Skip to main content

Helping keep kids safe by broaching a difficult topic: Unsafe touch

Their cheeks are pinched, their hair is stroked, their backs are patted, and their foreheads are kissed. It’s not always easy for a child to distinguish between appropriate and inappropriate touch by others, to voice concern, or to seek help—even when the stakes can be devastating.

Unfortunately, statistics show that unsafe touches—sexual abuse—are not a rare occurrence. According to research, 1 in 5 children will experience at least one incident of sexual abuse, with 90% of cases perpetrated by a member of the immediate family. And while these incidents occur frequently and sometimes repeatedly, many of them are never reported.

In an effort to change this situation, to get these numbers—numbers that represent thousands of children— to zero, ELIZA (the Society for the Prevention of Cruelty to Children) took the initiative to implement a specially designed school program for children ages 5-9. We at the Stavros Niarchos Foundation (SNF) knew we need to stand by their side and support them in this important effort. Through a grant from SNF, the SAFE TOUCHES program from SNF partner the New York Society for the Prevention of Cruelty to Children was adapted for a Greek context by the experts at ELIZA. The program, launched in 2016, expanded gradually from an initial pilot in a few schools to more schools across Attica and Crete.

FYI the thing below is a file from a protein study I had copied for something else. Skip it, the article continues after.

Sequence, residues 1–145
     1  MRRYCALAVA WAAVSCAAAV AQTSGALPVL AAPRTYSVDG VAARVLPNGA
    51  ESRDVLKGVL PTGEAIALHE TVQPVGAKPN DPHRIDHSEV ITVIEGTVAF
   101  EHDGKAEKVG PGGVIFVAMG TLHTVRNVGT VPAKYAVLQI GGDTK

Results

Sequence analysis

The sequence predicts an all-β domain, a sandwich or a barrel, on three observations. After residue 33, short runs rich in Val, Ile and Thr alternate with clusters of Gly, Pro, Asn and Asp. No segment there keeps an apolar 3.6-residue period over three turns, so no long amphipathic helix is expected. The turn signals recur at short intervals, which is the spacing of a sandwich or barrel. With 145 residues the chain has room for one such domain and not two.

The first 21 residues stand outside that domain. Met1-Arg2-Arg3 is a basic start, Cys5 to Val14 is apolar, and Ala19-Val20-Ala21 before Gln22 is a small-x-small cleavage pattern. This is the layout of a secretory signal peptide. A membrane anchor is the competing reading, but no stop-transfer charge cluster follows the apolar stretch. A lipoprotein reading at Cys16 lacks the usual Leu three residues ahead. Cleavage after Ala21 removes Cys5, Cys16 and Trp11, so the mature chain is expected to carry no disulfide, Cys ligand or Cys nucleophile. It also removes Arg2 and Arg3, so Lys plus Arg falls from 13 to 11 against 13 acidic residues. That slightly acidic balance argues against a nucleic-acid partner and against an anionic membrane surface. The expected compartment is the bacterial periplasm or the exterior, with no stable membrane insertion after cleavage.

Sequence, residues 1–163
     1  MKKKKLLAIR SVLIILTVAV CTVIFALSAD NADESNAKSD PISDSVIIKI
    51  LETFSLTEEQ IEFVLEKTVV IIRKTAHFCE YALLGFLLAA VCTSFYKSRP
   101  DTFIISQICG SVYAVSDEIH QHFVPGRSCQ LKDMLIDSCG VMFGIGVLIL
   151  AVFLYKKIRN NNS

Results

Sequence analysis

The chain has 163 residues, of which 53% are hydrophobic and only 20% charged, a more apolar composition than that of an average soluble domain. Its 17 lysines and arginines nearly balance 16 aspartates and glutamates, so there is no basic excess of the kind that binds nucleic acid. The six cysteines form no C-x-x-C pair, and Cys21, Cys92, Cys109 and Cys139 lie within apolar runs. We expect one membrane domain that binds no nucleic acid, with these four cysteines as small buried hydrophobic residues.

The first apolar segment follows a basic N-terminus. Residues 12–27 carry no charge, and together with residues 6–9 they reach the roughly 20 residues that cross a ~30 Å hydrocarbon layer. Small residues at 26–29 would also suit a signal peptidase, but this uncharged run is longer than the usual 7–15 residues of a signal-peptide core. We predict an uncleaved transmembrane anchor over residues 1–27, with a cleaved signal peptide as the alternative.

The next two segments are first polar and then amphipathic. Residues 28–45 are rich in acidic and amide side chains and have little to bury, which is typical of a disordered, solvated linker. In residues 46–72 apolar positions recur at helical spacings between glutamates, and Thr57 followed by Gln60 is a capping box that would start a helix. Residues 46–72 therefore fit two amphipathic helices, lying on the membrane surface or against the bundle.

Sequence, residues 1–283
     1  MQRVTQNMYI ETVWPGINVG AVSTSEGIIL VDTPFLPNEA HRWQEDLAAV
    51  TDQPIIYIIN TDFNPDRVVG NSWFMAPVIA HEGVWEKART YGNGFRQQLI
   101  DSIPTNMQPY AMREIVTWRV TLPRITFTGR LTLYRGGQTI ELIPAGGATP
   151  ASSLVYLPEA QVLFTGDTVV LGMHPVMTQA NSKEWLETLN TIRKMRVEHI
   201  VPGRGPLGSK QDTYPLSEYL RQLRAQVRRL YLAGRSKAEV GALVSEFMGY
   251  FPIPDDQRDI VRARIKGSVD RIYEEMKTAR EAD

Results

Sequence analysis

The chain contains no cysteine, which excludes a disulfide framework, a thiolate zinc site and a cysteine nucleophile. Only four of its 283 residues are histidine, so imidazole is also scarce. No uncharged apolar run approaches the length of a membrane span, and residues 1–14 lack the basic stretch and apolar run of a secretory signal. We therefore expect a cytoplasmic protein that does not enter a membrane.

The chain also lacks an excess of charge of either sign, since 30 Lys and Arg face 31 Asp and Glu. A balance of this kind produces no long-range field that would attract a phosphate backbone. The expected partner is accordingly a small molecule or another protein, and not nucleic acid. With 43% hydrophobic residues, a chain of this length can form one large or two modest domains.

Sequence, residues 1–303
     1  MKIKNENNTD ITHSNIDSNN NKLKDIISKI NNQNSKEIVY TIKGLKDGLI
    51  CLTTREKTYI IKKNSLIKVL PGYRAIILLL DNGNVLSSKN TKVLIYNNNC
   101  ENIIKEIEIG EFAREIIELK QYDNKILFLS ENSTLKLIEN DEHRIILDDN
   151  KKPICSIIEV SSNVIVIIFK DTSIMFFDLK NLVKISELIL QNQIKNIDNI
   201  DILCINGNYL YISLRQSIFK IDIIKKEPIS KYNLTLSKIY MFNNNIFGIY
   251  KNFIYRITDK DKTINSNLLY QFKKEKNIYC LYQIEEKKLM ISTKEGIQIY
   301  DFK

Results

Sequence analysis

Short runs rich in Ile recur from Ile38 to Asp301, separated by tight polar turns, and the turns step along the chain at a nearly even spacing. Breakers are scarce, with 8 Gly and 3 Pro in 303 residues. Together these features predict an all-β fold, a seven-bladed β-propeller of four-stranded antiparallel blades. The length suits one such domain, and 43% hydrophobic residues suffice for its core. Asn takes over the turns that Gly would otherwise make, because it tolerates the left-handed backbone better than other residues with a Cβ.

How does SAFE TOUCHES work? The program works to explain difficult concepts to children, such as which parts of our bodies are private; how we can tell the difference between a safe and an unsafe touch; the fact that unsafe touches can come from anyone, even someone you love and feel close to; and that it is not your fault if you, as a child, experience an unsafe touch. These topics and more are covered through discussion and sketches featuring puppets acting out various roles. Approximately 4,000 children, 315 teachers, and 890 parents have received training, since the beginning of the program.

The program has now been digitized and is available via so that more schools can include it in their curriculum and spread the knowledge to even more children.

Surveys show that among children who participated, knowledge of what constitutes an unsafe touch has increased significantly since implementation of the program began. Against the deplorable number of sexual abuse incidents in Greece now stands solid knowledge. And in some cases, knowledge may be the very thing that can help thousands of children avoid an unsafe touch.